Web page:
NASA analyzed Tropical Storm Uesi's rainfall and found moderate to heavy rainfall around the storm's center and in a large band of thunderstorms south of the center. That heavy rainfall has triggered warnings for Vanuatu in the Southern Pacific Ocean.
NASA has the unique capability of peering under the clouds in storms and measuring the rate in which rain is falling. The Global Precipitation Measurement mission or GPM core passed over Uesi from its orbit in space and measured rainfall rates throughout the storm on Feb. 10 at 2:31 a.m. EST (0731 UTC).
The heaviest rainfall around the center was falling at a rate of 1.2 inches (30 mm) per hour. In a large band of thunderstorms south of the center, rainfall occurring at a rate of 1 inch (25 mm) per hour. Light rain was occurring throughout the rest of the storm.
On Feb. 10, the Vanuatu Meteorology and Geo-Hazards Department (VMGD), in Port Vila issued an update on Uesi. At 7 a.m. EST (11 p.m. Vanuatu local time), Tropical Cyclone Uesi was located at latitude 17.6 degrees south and longitude 162.4 east, about 348 miles (560 km) west southwest of Malekula. Winds close to the center of the system were estimated near 55 mph (90 kph/50 knots) and Uesi was moving in a southwest direction.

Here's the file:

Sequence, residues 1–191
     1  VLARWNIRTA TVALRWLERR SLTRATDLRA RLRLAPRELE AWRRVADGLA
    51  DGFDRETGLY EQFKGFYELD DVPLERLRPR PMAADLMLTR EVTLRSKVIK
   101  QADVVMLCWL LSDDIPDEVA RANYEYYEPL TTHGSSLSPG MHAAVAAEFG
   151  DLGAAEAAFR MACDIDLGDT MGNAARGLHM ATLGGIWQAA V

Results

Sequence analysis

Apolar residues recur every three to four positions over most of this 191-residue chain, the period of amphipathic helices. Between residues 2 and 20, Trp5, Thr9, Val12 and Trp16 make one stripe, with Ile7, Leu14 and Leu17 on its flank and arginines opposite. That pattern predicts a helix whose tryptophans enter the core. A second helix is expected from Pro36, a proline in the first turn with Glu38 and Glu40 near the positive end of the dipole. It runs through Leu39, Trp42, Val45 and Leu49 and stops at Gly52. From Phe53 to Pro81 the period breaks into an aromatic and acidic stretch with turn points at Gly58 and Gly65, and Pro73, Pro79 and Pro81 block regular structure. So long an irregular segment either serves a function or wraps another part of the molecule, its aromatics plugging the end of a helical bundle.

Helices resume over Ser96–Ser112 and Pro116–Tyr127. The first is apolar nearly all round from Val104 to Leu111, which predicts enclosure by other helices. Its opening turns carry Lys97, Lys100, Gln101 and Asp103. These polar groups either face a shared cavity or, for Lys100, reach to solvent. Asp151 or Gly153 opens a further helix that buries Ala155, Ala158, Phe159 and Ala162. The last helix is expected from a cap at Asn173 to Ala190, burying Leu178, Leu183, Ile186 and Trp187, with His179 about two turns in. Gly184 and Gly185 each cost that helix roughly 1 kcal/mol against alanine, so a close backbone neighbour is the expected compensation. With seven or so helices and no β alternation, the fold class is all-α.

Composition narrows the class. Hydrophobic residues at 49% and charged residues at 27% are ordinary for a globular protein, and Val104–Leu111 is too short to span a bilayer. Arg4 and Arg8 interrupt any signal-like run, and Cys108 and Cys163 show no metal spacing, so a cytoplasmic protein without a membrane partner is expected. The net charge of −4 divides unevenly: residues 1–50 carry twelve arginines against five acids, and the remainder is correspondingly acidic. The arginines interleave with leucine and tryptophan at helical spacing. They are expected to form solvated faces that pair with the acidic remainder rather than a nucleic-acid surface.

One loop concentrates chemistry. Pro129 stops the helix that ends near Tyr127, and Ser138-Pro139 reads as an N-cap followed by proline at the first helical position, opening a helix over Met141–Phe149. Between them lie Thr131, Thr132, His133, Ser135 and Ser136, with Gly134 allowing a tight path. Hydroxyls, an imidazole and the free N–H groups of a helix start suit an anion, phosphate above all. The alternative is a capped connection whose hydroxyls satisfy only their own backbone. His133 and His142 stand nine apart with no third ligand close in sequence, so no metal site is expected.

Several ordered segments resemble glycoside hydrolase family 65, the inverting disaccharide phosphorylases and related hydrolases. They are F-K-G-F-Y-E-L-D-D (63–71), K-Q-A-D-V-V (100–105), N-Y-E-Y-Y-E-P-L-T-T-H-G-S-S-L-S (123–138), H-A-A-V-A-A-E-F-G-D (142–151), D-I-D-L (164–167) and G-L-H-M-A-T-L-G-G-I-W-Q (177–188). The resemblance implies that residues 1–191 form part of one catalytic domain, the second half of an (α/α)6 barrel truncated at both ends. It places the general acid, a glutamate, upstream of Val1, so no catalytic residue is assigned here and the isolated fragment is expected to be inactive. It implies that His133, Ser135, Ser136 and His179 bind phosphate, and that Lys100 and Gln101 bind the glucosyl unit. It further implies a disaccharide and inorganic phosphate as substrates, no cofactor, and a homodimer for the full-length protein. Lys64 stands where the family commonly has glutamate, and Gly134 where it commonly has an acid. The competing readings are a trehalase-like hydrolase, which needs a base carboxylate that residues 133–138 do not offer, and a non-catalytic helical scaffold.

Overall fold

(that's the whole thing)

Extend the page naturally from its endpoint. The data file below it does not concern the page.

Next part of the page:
VMGD's latest update said, "Rainfalls will be heavy with flash flood over low lying areas and areas close to river banks, including coastal flooding expected about the islands of the northern and parts of the central provinces. The marine strong wind warning is in effect for all Vanuatu coastal waters, while High seas warning is current for the central waters. Very rough to phenomenal seas and heavy to phenomenal swells expected to continue to affect the western parts of the northern and central waters tonight and tomorrow and extending to southern waters thereafter. People, including sea going vessels are strongly advised not to go out to sea until the system has moved out of the area."
The National Disaster Management Office (NDMO) posted a Blue Alert for the SHEFA and TAFEA provinces.
Tropical cyclones/hurricanes are the most powerful weather events on Earth. NASA's expertise in space and scientific exploration contributes to essential services provided to the American people by other federal agencies, such as hurricane weather forecasting.
Both the Japan Aerospace Exploration Agency, JAXA and NASA manage GPM.
By Rob Gutro
NASA's Goddard Space Flight Center